FIGS. 35 and 36 illustrate a step-wise sequence of an assembly process using frames similar to those described earlier for FIG. 25. An extended length of flexible circuit bridges across both halves of the pre-assembled foldable frames 92 that are abutted edge-to-edge. Pads on the bottom surface of the flexible circuit are electrically joined with pads on the interior surfaces of each half of the frame before folding the halves together into a final assembly. In this embodiment the flexible circuit also functions as a hinge about which the module halves can be folded into their final closed configuration.
FIG. 37 shows an exploded cross section of yet another embodiment, similar to FIG. 30, in which threaded screws 94 are used to mechanically fasten the separate halves of the frames together. Solder bumps 93, pre-deposited onto the flexible circuit, are reflowed to provide electrical connections between the pads of the flexible circuits and the interior pads of the separate frames. A PSA adhesive 2 is also used to mechanically fasten the frames together.
FIG. 38 is an exploded cross-section view similar to FIG. 25 to illustrate how solder bumps 93 can be pre-deposited onto the flexible circuit before the separate halves of the frames are assembled together. The solder is then reflowed to complete the electrical connections between the pads of the flexible circuits and the interior pads 72 of the separate frames. A PSA adhesive 2 is also used to mechanically fasten the frames together.
FIGS. 39 and 40 illustrate an exploded view and final assembly view of the “rigid-flex” circuit card or substrate 90 described earlier for FIG. 33.
FIGS. 41-43 illustrate a step-wise sequence of the assembly process using frames similar to those described earlier for FIG. 33. In this embodiment the exterior DIMM contact pads 100 are solder connected 95 through castellated (partial remnants of plated through-holes) edge contacts 123 to the pads 18 of the flexible circuit as illustrated in FIG. 53. The flexible circuit 10′ extends a short distance beyond the terminus of the castellated edge contacts 123 and provides an electrical insulation and physical barrier between the adjacent contacts of the separate halves of the PWB frames 73 so as to prevent direct solder bridging between these abutted contacts during final assembly. The bottom edge contacts 100′ of the module are designed to be passed through a mini wave-solder fountain or into a solder pot to obtain the electrical connections 95 between the exposed flex circuit pads 18 and PWB castellated edge contacts 123. The resultant assembly measures approximately 2.1 mm in total thickness.
FIG. 45 is an exploded cross-section illustration of yet another embodiment, similar to FIG. 44, that uses two separate flexible circuits that are electrically interconnect to one another as described in the previous figure but which also uses contact bumps 24 or 97 or pads located at the extreme bottom edge that are not backed with an elastomeric material and which are folded 98 in an outward direction through only a 90-degree angle.
FIG. 46 is an exploded cross-section illustration of yet another embodiment, similar to FIG. 44, that uses a single flexible circuit folded 98 and interconnected upon itself, which illustrates means for electrical connection with an array of external DIMM contact pads 100 as previous discussed. This particular illustration details one possible means of electrical interconnection between the centrally located flexible circuit and the DIMM contact pads 100 of the PCB window-frames 73 using solder bumps or ACA adhesive film 99 and can be combined with the additional means for direct electrical interface of the module to the motherboard as described in FIG. 44.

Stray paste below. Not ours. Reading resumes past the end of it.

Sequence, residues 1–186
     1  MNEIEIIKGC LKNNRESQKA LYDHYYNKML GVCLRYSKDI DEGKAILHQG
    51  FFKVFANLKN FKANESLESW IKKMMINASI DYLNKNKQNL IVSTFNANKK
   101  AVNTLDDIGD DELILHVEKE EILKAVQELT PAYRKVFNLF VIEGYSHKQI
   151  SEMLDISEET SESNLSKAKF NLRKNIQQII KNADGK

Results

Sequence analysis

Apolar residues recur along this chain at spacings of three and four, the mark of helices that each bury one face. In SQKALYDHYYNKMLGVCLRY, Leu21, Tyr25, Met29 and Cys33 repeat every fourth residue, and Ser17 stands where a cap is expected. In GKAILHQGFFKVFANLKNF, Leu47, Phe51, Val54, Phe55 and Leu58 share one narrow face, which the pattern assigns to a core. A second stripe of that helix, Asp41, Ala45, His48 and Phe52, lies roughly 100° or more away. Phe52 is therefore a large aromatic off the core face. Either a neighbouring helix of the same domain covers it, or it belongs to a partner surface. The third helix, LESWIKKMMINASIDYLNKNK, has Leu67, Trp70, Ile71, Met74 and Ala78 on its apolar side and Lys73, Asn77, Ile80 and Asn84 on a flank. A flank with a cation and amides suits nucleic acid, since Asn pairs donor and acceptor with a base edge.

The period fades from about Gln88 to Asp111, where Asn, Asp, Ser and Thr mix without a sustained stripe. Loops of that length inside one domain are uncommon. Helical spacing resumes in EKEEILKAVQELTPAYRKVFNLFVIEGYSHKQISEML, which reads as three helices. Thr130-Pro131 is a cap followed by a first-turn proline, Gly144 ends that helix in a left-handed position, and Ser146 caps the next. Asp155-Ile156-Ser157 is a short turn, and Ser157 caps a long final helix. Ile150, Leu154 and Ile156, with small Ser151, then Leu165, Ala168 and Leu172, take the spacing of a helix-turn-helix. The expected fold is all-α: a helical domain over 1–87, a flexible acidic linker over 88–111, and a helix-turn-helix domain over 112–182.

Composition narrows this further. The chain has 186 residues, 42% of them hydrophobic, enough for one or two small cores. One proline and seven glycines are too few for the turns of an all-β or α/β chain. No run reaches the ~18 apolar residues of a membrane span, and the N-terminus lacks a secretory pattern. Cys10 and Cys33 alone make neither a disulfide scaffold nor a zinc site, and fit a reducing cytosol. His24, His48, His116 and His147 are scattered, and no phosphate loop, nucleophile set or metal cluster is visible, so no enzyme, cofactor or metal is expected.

FIG. 47A shows a planar view while FIGS. 47B and 48 show two cross-sectional views of embodiments that include a foldable jointed heat spreader 16 or cover plate subassembly or composite clam shell 110 consisting of PWB frame 73 or molded plastic window frames 70 and joined metal heat spreaders. These subassemblies, as previously described, include metal tabs 125 that enable the window frames and heat spreaders to be assembled together as a single, unified subassembly with integral hinge points to allow the subassemblies to be folded in a manner that encompasses like a clam shell the central single flexible circuit, FIG. 47B, or folded flex circuit 98, FIG. 48, previously wrapped around a central cooling core 124. As illustrated, the PWB or molded-plastic window frames can include recessed slots 126 along the top edges where the metal tabs are located to enable the tabs to be recessed flush or below the top edges of the window frames when folded together. The electrical interconnections between the single or folded flexible circuits and the external contacts 100 arrayed along the edges of the window frames have been previously described elsewhere and can be applied to these embodiments. Likewise, central cooling cores 124 compatible with these embodiments have been previously described and illustrated in earlier patent applications referenced above. In the cross-sectional view for FIG. 48, illustrated with a central cooling core 124, the jointed heat spreaders are spaced sufficiently apart to allow the cooling core to extend some distance above the top edges of the folded window frames. The extended core enables and additional and separate cooling tower 121, as illustrated, to be added to the top edge of the exposed cooling core 124 further improving the ability of heat to be extracted from the semiconductor devices mounted within. Therefore this embodiment enables internal heat to be advantageously removed in two major directions; from the most central chips into the cooling core 124 and towards the cooling vanes of the top cooling tower 121, and from the outermost chips directly towards the heat spreaders 16 on either side of the module. The heat is therefore extracted from this embodiment in a bi-directional manner.